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Even as a little girl, Billie Wheeler has always had a love for working outdoors. Whether it was working on the family farm or in the garden,
Wheeler said there just didn’t seem to be anything better or more rewarding. So it came as no surprise when she landed a job at Forrest Keeling Nursery almost 37-years ago and still remains there today.
Wheeler said her experience at Forrest Keeling has been different and sometimes challenging but always seemingly enjoyable.
“I started in the grading room,” Wheeler said. “In the winter we would head out to the fields and do bare rooting, which was a new kind of experience being a new employee and all. Mostly I graded though.”
According to Wheeler, back when she first started all the grading was done by hand and everyone had to tie his or her own bundles.
“We were on piecework and back then you had to do so many bundles to get on piecework,” Wheeler said. “I was lucky enough and fast enough to be placed on piecework and eventually they started switching me back and fourth to the greenhouses where I worked for the next 14-years”
While working in the greenhouse, Wheeler said she did a lot of the cuttings with a crew of women, who would also go out into the fields, take U-Cuttings, bring them back to the greenhouse, tie them up into little bundles and then run them through a solution.
“We would also go out to the bed in the greenhouse and plant the U-Cuttings, thousands of them and at times it seemed a little tedious but I still really enjoyed it,” Wheeler said. “There is really nothing I haven’t done since I started working here all those years ago.”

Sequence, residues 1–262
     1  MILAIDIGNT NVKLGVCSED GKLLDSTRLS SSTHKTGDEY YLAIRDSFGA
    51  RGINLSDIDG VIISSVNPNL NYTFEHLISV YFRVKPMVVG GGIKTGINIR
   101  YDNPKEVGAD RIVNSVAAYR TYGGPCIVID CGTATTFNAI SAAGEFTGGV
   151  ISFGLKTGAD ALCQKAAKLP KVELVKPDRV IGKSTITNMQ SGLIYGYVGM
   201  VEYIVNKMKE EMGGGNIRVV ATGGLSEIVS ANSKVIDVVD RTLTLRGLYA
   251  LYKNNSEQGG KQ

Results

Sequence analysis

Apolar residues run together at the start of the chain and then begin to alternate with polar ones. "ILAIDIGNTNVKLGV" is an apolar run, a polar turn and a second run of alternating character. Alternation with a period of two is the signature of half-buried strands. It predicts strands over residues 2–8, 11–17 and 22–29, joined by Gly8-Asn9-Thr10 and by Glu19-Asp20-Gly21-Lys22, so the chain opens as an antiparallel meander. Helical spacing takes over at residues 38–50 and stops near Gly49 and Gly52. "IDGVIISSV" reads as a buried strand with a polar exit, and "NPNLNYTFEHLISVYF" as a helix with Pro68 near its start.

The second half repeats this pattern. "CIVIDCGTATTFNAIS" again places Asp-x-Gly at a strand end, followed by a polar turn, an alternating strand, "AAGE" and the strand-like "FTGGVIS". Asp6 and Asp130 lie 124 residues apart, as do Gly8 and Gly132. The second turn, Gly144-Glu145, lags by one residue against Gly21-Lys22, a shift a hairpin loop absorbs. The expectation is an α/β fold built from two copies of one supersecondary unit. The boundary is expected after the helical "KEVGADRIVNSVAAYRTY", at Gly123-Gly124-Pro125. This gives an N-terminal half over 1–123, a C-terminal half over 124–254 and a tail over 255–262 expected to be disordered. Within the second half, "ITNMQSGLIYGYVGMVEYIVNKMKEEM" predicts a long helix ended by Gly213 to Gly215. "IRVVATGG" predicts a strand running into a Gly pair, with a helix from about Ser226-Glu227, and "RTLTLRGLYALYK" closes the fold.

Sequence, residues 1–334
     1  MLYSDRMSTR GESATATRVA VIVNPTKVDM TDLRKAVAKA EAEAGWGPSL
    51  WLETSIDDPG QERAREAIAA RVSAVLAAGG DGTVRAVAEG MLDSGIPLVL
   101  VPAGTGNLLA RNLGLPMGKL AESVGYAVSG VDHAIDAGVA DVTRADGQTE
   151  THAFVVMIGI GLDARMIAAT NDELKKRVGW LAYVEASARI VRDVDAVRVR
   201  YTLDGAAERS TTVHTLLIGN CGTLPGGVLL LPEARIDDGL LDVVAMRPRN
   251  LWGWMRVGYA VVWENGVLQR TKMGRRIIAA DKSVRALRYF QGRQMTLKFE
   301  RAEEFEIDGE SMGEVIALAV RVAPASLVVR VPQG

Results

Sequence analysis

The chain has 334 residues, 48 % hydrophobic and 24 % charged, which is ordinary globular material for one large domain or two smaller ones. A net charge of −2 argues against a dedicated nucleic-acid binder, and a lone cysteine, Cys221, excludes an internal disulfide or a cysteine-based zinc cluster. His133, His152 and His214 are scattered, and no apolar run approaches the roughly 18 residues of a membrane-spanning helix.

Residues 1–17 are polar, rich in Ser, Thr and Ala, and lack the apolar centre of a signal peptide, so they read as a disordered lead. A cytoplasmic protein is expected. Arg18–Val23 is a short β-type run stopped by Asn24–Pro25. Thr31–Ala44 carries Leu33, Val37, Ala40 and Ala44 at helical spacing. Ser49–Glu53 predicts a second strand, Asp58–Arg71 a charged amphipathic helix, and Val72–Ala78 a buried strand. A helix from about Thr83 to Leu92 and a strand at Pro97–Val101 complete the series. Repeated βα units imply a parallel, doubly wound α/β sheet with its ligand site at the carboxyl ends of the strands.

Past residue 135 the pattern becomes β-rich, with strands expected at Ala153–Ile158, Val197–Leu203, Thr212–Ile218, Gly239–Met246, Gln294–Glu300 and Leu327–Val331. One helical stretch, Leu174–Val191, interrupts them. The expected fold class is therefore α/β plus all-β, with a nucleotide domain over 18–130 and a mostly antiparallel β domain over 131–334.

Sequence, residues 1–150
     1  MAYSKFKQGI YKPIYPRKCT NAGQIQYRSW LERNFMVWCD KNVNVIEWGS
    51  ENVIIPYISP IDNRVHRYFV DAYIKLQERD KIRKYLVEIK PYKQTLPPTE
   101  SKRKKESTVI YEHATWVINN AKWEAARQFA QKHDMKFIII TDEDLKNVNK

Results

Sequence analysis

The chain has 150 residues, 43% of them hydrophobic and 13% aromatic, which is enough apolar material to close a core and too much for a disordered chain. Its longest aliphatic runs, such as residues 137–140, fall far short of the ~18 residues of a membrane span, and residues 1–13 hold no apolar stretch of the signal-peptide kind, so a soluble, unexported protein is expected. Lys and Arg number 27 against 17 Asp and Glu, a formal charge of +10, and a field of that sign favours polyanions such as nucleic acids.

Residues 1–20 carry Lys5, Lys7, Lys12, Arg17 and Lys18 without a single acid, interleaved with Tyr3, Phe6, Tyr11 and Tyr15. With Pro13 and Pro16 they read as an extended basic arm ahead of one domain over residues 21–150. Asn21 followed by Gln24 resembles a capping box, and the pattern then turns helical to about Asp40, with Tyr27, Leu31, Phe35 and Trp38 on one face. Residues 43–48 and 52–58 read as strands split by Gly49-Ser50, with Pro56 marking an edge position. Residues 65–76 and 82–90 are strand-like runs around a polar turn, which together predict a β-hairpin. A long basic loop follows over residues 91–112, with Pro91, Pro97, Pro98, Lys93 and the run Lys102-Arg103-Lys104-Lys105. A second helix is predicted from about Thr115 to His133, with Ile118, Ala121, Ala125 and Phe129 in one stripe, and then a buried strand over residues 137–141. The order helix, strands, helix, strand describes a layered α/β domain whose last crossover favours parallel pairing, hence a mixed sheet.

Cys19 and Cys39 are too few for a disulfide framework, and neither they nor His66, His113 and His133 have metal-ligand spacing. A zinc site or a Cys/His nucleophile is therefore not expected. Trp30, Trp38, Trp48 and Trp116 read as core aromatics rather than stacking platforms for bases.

Wheeler said some of the biggest changes that have been made over the last 37-years include changes to the grading technique.
“Like I said, when I first started all the grading was done by hand. You sat at a table, you had your string cut and you bundled your sizes,” Wheeler said. “Eventually they went to a tying machine but now they have a conveyer belt system, where they put the plants on a table where there is a feeder at one end and the worker just pulls out what size they need. If she’s supposed to get a 16-inch she can grab a 16-inch and it’s much faster.”
Another big change Wheeler said she has witnessed is the fact they no longer do U-Cuttings in the field, as the nursery has evolved to using a potting system and they also no longer use netting in the field for the same reason.
Although many changes have been made since she started, Wheeler said no two days are the same.
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